Ruth S. Morales

AS I watched my children having fun surfing on the big waves at the Crystal Beach in Zambales, I decided to take a crash course by the sea and joined them. It was my first time to surf, and I was already turning 50 years old at that time.

“Time is gold”, the popular saying claims. So, we want to make the most of our time and not waste it. There’s a push to make every second count. So, we strive to be productive, and try to profit even when on vacation. “YOLO”, the young ones say to one another. “You Only Live Once so go for it – travel the world, climb the highest mountains, bungee jump from great heights, take selfies on the tallest buildings, do what you want and take the risk.” So, they make travel goals, and their bucket lists grow longer.

This was the world before the pandemic.  We were busy making things happen. Momentum was on our side. Then out of nowhere, a sudden stop. 

As a college instructor and a mother of 2 daughters who are in college, I am aware of how the youth are feeling deprived of an active life. They want to do many things outside their home confinement, aching to meet up with friends or hang-out in cafes and in “instagrammable” places. I started to become anxious for my daughters lately. My heart goes out to them and to my students. ‘Will they be missing much of this life if this goes on?” I sometimes wonder.

When I was a young child in the late 70s, I wanted to dance ballet and to play the piano. But whenever I verbalized that passion, my mother would say “Go and play piano in the kitchen”, pointing at the dirty dishes. With seven children and with a minimal government employee’s salary, my parents could only afford to send us all to public school. They sent us to sports clinics, but not expensive classes like piano and ballet or any art classes.  And in the 80s when I wanted to take Fine Arts as a course, they said it’s only for the rich and famous. “Who would buy your paintings when you don’t have a name and connections?” I sulked and felt deprived. There were so many things I wanted to do but could not! But I couldn’t blame my parents for that. As a parent now myself, I can imagine how frustrating for them at the time not being able to indulge their children’s passions and dreams.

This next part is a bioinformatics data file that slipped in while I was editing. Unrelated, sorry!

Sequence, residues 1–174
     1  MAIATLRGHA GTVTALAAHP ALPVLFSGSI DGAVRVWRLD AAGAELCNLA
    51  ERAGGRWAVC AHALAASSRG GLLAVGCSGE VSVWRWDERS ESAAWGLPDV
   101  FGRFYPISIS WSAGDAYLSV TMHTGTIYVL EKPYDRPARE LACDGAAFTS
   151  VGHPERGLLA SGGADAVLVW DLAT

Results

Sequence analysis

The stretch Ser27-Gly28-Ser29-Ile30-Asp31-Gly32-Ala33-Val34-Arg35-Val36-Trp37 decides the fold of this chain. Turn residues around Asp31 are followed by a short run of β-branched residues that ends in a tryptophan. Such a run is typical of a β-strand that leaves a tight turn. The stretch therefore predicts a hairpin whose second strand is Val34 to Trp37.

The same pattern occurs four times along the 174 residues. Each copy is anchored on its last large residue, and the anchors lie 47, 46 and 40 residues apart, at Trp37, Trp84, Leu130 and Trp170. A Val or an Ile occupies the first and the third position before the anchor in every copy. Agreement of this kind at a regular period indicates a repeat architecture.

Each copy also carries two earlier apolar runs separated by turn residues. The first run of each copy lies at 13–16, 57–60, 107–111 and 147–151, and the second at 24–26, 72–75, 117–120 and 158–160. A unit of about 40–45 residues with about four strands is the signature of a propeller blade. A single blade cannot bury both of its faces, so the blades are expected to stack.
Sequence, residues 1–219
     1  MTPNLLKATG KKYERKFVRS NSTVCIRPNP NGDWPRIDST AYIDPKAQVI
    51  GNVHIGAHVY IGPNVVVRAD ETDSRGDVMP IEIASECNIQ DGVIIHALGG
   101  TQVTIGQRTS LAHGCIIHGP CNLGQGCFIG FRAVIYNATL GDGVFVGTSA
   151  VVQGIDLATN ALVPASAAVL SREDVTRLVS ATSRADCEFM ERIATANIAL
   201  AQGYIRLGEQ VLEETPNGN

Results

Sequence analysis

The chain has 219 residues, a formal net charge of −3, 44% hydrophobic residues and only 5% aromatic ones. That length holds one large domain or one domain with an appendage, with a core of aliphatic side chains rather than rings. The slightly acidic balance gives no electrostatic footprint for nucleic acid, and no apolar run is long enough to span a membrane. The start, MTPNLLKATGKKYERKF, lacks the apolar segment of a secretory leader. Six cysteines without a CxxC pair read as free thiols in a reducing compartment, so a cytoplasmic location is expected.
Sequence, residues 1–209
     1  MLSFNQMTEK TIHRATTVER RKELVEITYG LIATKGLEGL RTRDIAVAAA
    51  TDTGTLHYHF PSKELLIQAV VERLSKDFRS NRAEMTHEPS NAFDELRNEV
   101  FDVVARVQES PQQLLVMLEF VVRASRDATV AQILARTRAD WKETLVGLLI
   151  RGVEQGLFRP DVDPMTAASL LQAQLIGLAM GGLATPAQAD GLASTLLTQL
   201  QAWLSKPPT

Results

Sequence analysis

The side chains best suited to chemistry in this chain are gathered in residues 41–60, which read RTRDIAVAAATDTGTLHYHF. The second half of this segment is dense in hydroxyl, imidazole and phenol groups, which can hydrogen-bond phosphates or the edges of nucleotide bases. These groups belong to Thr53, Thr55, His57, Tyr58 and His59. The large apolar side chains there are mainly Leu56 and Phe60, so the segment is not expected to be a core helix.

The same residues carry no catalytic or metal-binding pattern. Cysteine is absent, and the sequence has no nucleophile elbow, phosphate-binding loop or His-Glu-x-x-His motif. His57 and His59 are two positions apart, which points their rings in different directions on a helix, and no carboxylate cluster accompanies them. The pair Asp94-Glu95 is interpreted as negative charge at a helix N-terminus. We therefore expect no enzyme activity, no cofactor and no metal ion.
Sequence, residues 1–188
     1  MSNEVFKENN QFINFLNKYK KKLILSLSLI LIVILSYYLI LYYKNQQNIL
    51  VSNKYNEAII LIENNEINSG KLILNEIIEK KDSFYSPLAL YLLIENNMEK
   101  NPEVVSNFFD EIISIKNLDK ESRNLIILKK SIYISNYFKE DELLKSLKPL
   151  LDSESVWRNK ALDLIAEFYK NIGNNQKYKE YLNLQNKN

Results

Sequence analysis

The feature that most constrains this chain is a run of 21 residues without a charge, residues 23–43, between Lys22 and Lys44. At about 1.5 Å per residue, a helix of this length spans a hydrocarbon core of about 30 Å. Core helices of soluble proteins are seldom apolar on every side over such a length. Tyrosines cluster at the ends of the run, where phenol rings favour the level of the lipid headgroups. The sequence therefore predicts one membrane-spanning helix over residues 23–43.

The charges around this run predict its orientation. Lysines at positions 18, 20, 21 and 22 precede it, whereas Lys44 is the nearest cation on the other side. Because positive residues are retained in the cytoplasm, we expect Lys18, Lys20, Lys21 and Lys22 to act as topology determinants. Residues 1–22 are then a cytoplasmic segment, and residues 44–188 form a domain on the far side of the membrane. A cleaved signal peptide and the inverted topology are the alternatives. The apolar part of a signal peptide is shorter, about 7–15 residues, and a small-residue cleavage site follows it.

Fast forward to the present, I believe that many can understand how it is to feel deprived of better situations in life. It’s not just the Covid19 that can forbid us from doing what we want in life. There’s poverty, health issues, circumstances in life, etc. So even when this pandemic is over, still not all of us are free to do what we want. 

So, what do we do? We can’t just sulk like I did when I was young. There’s still more to life even when we cannot reach our goals now. There’s still time to welcome better opportunities and experiences. I realized that when at the age of 40, I found myself dancing ballet in the oldest dance studio in Sukhumvit, Bangkok. I didn’t become a serious ballerina like my daughter but at least I’ve experienced it and proved once again that dreams do come true in their appointed time. 

As I reflect and write this, I am comforted that my daughters and my students don’t miss that much. I shouldn’t be anxious. 

To the young ones, why wait when you can do it now? But if you can’t do it now, just wait. God makes everything beautiful in its time. To the older ones, if you feel like you missed out on something you loved doing when you were young, it’s not too late to do it now. 

As we welcome another new month, let us not be anxious that time is moving fast, and feel as if we’ll be left behind by time because we’re not, and there’s always hope for better future.


“For I know the plans I have for you,” declares the LORD, “plans to prosper you and not to harm you, plans to give you hope and a future”. 

Jeremiah 29:11

He has made everything beautiful in its time. He has also set eternity in the human heart; yet no one can fathom what God has done from beginning to end.

 – Ecclesiastes 3:11

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